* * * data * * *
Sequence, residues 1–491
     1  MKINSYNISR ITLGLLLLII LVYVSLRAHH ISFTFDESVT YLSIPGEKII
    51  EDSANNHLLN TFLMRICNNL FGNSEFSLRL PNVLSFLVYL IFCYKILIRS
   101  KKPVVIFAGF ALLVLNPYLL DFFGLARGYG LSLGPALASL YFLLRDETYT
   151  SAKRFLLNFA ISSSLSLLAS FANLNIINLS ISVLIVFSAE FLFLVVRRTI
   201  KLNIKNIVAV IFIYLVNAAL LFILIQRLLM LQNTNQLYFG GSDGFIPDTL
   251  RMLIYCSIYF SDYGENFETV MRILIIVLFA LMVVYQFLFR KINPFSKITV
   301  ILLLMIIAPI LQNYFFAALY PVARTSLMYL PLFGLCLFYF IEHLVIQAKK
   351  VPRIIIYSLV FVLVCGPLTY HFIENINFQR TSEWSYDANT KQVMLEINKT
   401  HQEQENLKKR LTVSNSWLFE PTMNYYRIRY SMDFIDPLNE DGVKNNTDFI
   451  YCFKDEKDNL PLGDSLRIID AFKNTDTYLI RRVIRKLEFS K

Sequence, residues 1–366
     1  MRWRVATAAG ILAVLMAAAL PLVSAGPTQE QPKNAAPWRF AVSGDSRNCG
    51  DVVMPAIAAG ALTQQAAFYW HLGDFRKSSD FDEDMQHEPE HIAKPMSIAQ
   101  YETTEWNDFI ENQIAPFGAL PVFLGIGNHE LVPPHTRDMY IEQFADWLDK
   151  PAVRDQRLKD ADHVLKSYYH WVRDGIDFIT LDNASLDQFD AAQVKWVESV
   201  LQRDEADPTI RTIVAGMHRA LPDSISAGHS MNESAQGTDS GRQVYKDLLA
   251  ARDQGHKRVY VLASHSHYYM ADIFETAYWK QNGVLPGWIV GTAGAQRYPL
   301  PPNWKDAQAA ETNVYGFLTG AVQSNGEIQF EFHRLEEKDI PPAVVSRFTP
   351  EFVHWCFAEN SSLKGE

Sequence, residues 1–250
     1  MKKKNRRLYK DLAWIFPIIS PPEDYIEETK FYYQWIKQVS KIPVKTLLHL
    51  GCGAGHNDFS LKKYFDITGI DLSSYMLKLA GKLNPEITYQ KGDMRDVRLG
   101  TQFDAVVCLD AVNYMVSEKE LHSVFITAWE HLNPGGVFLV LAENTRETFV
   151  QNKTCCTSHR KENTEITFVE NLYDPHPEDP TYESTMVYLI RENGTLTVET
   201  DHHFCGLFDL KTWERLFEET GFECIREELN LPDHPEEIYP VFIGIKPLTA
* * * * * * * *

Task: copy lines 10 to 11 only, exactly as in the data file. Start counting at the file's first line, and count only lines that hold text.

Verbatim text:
   401  HQEQENLKKR LTVSNSWLFE PTMNYYRIRY SMDFIDPLNE DGVKNNTDFI
   451  YCFKDEKDNL PLGDSLRIID AFKNTDTYLI RRVIRKLEFS K